In this, its fourth transport-related report, the Round Table looks at transport and sustainable development, using the Northampton area as a case study. Work was undertaken by the Round Table in consultation with Northamptonshire CC and Northampton BC.
Over the past 20 years, the population of the Northampton area has grown rapidly. Most of the new housing, commercial and industrial development has been at the edge of the existing urban area, on sites that are highly dependent on car access.
As a result, traffic in Northamptonshire increased by 180% between 1977 and 1995; public transport use and cycling are both below the national average. Development is continuing at a rapid rate - a further 450 hectares of land for business development and 12,000 houses are planned in Northampton in the next ten years.
The report identifies five main obstacles to more sustainable transport patterns in the area, and sets out recommendations for overcoming these.
The location of new development in Northampton is still largely determined by decisions taken twenty years or more ago, which assumed increasing car and lorry use.
Radical changes in land use planning will be needed and must be reflected in development plans.
Competition between areas for economic development can mean that local authorities overlook the longer-term costs of policies that rely heavily on the car and the lorry. Policy-makers must find a way of allowing competition for inward investment and consumer spending without undermining sustainable development.
Businesses favour development on greenfield sites because these are usually cheaper for them - even though such developments often impose wider environmental and social costs. The developers and users of such sites, rather than the country as a whole, should bear such costs.
Local authorities do not have all the powers they need. For example, they cannot ensure that a coherent network of bus services is provided; and they are hampered from taking a comprehensive approach to transport spending because of the fragmented and short-term way in which government expenditure allocations are determined.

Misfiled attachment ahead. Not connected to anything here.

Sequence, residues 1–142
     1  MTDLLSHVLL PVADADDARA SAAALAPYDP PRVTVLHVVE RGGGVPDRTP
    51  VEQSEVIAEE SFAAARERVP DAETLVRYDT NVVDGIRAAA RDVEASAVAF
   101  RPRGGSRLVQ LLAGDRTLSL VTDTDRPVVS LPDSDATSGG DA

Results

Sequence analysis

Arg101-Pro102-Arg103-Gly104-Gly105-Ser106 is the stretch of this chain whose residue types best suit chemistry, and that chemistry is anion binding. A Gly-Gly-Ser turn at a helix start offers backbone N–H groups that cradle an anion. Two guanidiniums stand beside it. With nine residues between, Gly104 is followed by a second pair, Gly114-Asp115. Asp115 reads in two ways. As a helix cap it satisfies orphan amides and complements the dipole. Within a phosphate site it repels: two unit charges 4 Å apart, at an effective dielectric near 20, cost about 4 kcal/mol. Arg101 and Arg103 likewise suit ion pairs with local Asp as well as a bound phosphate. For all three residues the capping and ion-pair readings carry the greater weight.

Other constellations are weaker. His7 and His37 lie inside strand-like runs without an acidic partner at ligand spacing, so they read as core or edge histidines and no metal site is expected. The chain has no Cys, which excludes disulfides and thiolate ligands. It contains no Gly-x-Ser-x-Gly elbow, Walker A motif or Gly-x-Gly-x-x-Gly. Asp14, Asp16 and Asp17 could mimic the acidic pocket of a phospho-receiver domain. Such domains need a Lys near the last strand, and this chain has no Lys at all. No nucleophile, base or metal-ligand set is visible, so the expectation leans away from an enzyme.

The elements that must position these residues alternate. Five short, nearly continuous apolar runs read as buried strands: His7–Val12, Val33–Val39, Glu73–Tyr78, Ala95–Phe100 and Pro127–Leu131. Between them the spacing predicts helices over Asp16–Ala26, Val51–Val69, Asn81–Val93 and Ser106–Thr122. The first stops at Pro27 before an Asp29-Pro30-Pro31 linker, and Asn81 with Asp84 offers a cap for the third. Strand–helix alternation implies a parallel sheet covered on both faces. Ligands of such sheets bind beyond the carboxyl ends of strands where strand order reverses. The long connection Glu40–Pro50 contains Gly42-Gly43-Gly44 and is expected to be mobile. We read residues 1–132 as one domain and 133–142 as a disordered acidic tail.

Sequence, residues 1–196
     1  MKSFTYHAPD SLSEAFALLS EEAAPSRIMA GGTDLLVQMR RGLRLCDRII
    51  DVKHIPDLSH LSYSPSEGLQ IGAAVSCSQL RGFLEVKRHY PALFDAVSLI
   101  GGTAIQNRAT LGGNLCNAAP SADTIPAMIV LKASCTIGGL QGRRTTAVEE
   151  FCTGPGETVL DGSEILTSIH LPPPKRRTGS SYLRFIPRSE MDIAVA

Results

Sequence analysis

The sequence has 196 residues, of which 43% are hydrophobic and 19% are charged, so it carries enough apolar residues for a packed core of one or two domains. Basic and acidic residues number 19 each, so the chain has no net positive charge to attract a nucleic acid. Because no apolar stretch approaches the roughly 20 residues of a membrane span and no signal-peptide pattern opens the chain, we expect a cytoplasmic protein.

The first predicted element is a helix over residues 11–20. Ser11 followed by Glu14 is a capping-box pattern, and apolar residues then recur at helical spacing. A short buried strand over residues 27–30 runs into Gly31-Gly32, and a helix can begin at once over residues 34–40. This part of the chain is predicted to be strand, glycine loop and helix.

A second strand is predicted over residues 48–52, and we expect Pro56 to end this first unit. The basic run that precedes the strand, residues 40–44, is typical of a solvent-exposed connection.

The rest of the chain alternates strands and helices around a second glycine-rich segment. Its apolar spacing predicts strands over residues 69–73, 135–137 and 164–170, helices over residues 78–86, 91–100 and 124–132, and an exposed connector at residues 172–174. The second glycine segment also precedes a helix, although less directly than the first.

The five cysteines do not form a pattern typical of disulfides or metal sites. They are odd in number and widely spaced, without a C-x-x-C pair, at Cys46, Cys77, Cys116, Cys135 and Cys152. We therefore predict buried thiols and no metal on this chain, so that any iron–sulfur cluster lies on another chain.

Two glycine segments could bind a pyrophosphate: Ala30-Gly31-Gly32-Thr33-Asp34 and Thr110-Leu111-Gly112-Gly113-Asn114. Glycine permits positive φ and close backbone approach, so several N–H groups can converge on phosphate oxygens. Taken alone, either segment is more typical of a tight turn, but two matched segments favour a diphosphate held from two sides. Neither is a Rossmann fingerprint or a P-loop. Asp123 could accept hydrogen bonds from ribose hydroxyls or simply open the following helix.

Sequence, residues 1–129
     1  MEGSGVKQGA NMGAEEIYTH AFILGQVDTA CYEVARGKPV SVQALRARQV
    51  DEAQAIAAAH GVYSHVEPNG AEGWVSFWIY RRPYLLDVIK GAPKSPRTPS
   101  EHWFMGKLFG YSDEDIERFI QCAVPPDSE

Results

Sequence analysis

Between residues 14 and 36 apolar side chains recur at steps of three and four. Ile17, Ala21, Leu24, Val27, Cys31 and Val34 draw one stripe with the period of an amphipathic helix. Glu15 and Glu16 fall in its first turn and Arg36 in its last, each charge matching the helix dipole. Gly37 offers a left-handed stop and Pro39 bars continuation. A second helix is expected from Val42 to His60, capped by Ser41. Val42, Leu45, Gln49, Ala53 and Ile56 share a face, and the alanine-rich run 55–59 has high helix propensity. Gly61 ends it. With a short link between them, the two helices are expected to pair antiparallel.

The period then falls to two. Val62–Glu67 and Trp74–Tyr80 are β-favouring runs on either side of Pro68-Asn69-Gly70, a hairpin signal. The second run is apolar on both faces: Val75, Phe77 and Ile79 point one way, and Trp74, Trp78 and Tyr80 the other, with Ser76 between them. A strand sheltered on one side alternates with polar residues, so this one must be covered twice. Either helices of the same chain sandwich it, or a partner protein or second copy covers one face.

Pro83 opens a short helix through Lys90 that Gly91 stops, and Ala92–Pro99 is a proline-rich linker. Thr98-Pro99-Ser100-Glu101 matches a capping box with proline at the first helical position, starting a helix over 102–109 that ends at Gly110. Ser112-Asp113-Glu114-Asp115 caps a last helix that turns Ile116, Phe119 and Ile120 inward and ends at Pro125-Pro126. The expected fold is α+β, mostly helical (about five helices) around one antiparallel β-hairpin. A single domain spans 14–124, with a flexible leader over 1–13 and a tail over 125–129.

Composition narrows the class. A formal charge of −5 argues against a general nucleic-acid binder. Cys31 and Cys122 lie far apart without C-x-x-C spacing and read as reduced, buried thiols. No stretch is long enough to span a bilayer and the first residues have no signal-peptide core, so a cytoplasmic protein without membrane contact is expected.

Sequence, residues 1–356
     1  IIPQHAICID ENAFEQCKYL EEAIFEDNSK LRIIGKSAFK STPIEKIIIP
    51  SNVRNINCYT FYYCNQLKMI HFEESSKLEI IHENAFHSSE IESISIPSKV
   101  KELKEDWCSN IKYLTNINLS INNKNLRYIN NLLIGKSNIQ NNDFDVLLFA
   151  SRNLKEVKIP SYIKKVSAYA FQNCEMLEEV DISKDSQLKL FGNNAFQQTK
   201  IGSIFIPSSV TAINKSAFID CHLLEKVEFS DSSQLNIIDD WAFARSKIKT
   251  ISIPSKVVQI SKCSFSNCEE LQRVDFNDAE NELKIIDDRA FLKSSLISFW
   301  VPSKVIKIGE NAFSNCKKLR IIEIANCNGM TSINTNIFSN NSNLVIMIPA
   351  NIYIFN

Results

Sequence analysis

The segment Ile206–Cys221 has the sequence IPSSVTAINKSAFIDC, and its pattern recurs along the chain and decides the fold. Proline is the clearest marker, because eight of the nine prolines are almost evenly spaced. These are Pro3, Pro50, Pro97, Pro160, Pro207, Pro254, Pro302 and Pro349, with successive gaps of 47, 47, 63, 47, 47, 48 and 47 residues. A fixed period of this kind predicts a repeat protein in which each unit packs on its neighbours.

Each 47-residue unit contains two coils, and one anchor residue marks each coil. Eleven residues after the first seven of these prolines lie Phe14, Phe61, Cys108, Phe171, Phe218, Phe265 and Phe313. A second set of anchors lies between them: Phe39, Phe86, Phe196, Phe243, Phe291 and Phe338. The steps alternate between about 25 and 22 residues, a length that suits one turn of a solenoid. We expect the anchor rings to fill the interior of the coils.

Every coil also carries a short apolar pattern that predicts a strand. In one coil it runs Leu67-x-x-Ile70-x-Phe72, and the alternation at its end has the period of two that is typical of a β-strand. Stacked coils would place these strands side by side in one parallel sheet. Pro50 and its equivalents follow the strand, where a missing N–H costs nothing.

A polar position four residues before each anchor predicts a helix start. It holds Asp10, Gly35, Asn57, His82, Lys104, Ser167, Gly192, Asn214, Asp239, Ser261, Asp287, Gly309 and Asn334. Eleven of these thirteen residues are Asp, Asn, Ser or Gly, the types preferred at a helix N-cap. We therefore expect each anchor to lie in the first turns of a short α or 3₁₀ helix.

The immediate problems caused by increasing vehicle use in Northampton are limited - neither local road congestion levels nor air pollution problems are severe.
As a result, there is little pressure from local people or businesses in the area for radical changes to policies. Local authorities and others must do more to raise public awareness of the fact that policies based on expanding car use are not in the longer-term interest of people or businesses.
Commenting on the report, Richard Southwood, co- chairman of the Round Table, said:
'During the Round Table's first visit to Northampton as part of this project, we had a tour of the area. Around the town, many new developments were springing up - new housing estates, office complexes and distribution centres. All of them were designed and located with the private car in mind.
'Our report includes a wide range of recommendations designed to overcome the obstacles to sustainable development we identified. But the main need is to make sure that new development is not put in places that are accessible only by car. Unless we can secure better integration of transport and land use planning, we shall never achieve sustainable transport at the local level.'
Copies of Getting Around Town are available from the Round Table Secretariat, or from Eddie Luck Assistant Director (Transport Policy), Northamptonshire CC, PO Box 221, John Dryden House 8-10 The Lakes, Northampton NN4 7DE. Tel 01604 236715.